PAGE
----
Current position of the SSV Corwith Cramer. Click on the vessel to view position history. Use the tools, top right, to change the map style or view data layers. Dates and times use GMT (Greenwich Mean Time).
SEA Currents: SSV Corwith Cramer
June 03, 2018
Arrival at Caroline Island
9° 57.5’ S x 150° 13.6’ W, off the coast of Caroline Island
Ship’s Heading & Speed
Motor intermittently to stay in position
Sunny with some puffy clouds, very calm seas
I started today at about 3 in the morning, when I failed to wake up on time for my watch. I eventually got on deck in time to catch the briefing from the previous watch, and was subsequently assigned to clean the dishes from last night's dinner. (This wasn't a punishment or anything - I was scheduled for dishes duty today). After scrubbing everything clean and brewing a fresh pot of coffee, I went back to help out on deck.
The previous watch had done a neuston net tow and a water sample around midnight, and it was up to our watch to process it. When I peeked into the lab to see how it was going, they were busy shaking lantern fish out of a test tube. They also showed me a bucket where they had pulled in a couple of small man-o-war jellyfish, as well as a baby flying fish. I was eventually stationed at lookout, on the front of the ship. I sat in the dark for quite a while, watching the clouds move and the ocean swell. Eventually, the first hints of the sunrise touched the horizon. Around the same time, I spotted it - land!
As we got closer, the small trees came into view. Caroline Island is completely uninhabited, and as a result is in great condition ecologically. Lots of birds - Blue-Footed Boobies, Terns, and Frigate Birds - were flocking on and around the ship as sunlight broke through the clouds and lifted the mist from the island.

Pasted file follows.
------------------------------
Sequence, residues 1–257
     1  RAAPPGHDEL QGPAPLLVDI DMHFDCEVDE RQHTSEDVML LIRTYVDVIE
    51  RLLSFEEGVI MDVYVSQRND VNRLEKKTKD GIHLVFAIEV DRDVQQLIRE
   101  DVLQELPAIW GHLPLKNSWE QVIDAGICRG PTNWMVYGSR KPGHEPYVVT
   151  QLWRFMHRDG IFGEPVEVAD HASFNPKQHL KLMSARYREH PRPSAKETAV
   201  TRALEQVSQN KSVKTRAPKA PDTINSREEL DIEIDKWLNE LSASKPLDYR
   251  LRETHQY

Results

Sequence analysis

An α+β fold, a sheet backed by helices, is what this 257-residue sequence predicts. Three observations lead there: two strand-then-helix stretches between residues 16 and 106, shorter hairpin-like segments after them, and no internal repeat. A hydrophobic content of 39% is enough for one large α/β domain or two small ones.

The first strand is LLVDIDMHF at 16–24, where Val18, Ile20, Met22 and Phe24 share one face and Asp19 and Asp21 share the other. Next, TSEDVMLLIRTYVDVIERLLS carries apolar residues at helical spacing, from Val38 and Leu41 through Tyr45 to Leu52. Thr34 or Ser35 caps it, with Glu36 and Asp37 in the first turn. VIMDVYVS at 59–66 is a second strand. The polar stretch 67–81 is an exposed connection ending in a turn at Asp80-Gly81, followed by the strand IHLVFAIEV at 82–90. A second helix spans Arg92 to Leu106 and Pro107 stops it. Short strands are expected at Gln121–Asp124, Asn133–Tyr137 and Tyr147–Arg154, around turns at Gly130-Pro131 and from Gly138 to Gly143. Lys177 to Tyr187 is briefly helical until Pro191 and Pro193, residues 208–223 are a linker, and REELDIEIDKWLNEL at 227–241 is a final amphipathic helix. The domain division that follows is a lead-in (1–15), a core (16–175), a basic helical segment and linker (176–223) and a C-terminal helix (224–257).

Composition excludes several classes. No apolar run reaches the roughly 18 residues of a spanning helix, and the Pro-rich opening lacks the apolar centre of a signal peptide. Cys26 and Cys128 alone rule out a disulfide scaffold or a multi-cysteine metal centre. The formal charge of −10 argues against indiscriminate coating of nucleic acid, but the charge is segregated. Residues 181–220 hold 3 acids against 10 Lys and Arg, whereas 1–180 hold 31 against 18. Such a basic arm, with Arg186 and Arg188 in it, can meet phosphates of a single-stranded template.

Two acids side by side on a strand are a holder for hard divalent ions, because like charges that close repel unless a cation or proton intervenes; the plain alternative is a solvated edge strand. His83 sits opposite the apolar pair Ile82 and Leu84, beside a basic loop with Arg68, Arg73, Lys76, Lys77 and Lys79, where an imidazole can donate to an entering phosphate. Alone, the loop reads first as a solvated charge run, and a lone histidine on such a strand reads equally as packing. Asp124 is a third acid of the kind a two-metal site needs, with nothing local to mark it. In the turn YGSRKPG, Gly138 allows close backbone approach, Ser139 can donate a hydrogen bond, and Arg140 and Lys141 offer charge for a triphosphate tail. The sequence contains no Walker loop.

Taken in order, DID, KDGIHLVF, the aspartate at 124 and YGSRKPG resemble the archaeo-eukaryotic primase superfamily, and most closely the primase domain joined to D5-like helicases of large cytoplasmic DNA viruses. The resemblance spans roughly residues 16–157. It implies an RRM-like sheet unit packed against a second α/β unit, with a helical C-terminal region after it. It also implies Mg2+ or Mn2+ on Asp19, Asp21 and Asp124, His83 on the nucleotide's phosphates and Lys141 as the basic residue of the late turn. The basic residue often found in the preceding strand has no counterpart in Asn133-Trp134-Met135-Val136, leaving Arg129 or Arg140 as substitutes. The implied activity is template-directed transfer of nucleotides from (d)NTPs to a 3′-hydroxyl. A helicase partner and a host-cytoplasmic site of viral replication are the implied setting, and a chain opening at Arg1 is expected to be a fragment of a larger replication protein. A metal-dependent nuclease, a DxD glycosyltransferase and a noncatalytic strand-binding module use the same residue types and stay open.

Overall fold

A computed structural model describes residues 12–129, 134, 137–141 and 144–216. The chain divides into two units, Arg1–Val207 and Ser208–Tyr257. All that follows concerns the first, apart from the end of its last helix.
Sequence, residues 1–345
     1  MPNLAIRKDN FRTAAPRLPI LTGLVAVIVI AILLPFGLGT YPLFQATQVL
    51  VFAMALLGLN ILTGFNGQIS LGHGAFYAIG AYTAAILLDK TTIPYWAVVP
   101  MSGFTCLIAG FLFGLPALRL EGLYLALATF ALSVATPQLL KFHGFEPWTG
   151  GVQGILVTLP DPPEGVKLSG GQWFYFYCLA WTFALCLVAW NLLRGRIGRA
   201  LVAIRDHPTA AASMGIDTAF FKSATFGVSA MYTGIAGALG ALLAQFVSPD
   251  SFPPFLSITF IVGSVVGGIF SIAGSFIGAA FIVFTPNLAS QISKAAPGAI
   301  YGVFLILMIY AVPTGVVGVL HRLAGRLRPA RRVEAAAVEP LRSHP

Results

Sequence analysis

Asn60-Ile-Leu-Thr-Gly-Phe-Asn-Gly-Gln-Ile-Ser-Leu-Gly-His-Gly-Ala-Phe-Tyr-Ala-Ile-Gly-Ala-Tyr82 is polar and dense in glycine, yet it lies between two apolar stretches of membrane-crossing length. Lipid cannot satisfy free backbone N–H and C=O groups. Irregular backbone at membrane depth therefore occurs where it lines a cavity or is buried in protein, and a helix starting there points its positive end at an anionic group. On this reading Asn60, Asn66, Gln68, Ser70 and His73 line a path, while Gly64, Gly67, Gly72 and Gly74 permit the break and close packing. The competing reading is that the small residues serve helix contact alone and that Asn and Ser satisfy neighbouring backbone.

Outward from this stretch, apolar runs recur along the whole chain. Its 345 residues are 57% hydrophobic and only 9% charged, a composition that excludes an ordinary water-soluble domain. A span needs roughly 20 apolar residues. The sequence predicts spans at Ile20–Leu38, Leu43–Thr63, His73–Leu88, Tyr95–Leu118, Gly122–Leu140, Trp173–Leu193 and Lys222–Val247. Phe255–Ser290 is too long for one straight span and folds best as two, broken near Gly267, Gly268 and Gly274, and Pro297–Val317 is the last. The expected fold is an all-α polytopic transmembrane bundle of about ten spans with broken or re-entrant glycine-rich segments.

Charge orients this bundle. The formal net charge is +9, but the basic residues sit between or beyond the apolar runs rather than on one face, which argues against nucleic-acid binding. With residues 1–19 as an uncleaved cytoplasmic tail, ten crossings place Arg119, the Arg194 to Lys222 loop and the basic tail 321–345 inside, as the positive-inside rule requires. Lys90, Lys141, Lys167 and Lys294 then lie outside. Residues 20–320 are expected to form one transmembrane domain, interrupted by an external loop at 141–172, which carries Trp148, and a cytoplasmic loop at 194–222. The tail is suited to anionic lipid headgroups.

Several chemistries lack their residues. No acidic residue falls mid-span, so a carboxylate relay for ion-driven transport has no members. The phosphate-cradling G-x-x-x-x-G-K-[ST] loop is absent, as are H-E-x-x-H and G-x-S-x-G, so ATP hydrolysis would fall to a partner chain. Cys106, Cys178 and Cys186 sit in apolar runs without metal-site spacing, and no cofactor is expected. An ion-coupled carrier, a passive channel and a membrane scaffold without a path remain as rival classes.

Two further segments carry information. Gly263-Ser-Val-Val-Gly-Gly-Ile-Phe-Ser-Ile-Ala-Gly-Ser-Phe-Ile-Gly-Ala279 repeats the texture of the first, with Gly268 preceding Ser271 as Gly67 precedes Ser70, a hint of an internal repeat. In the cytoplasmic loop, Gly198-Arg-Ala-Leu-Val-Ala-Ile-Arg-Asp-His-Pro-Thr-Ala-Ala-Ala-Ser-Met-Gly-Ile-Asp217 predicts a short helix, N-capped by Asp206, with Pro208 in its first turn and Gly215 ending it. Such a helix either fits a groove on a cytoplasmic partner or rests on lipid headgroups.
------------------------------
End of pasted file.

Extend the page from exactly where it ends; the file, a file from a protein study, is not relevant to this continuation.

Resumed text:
The only thing that broke my reverie was Nate. Nate, our chief engineer, apparently likes to meditate as the sun rises. This is great and all, but I wasn't aware of this beforehand. As a result, he only appeared as a shadow for about 45 minutes until it got light enough to see. At some point that morning, I noticed him standing nearby. It was too dark to make out any features, so for the longest time all I knew was that there was some thing,
human-shaped and motionless, watching me. I fully expected that if I took my eyes off of it for too long, for example to look at the approaching island or the beautiful sunrise, the thing would appear right behind me and push me off into the ocean or something. If you need to wake up in the morning, this works better than coffee.
Finally we reached the island. The sea floor around the island prevented us from anchoring, so we decided that the best way to stay nearby was to use the motor to get as close the shore as comfortable, and allow the current to pull us back. The reef on Caroline Island is what's called an Atoll Reef. There isn't a central island, but rather a ringlet of old coral islets, or motus, with some trees on them. This means that it slopes up from the sea floor (very steeply in this case, which was why we weren't able to anchor) into the reef. The coral then goes all the way up to the shore, where the waves break over the top of it.
We took the small boats in closer to the shore so that we wouldn't have to swim the whole way there, and then we hopped in. The reef was huge. There was an amazing variety of coral, as well as tons of fish. We saw everything from small pencil-shaped fish gathered near the surface to huge groupers tucked away in crevices. We also saw a bunch of black-tipped reef sharks, and a few people spotted an eagle ray.
I finished my day off by staring into the sky. The darkness before the moon rises gives me the best view I've ever had of the stars. I can see the Milky Way, satellites, and more shooting stars than I can count. It's a great way to fall asleep.
- Rowan DeWitt, C watch, sophomore at Lake Forest College in Illinois